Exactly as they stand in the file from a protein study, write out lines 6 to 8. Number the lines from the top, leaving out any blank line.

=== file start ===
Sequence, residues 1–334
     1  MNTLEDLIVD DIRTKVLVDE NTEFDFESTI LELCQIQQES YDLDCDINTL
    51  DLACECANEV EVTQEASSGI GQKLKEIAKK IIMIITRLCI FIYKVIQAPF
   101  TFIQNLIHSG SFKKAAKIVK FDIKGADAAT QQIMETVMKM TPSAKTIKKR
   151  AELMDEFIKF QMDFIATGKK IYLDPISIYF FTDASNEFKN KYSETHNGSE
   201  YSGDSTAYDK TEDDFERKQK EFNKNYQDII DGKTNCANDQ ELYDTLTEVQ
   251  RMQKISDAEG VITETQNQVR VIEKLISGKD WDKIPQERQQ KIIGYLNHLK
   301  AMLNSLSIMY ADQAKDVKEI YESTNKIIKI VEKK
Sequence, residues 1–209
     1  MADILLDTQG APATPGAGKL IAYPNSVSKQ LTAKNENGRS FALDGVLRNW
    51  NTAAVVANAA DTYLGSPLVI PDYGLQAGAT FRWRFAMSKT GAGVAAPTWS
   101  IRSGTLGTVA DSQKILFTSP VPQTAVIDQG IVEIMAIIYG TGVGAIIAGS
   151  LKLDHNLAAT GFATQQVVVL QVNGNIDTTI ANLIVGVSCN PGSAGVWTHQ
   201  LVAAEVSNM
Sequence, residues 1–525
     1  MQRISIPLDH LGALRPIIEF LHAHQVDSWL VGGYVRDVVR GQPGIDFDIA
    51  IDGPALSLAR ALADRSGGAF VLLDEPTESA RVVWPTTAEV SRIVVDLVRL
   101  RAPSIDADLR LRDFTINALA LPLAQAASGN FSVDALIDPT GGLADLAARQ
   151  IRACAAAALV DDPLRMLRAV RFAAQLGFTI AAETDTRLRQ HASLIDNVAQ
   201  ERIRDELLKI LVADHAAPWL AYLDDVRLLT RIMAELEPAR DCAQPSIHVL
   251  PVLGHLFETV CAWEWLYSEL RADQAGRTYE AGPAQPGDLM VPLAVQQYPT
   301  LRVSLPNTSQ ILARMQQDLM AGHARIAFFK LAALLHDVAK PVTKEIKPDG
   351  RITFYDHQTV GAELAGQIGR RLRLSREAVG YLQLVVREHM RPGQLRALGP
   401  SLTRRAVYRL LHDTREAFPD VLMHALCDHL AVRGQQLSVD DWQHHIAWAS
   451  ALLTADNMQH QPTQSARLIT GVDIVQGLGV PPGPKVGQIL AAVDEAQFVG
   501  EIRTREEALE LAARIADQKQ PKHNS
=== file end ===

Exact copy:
   201  YSGDSTAYDK TEDDFERKQK EFNKNYQDII DGKTNCANDQ ELYDTLTEVQ
   251  RMQKISDAEG VITETQNQVR VIEKLISGKD WDKIPQERQQ KIIGYLNHLK
   301  AMLNSLSIMY ADQAKDVKEI YESTNKIIKI VEKK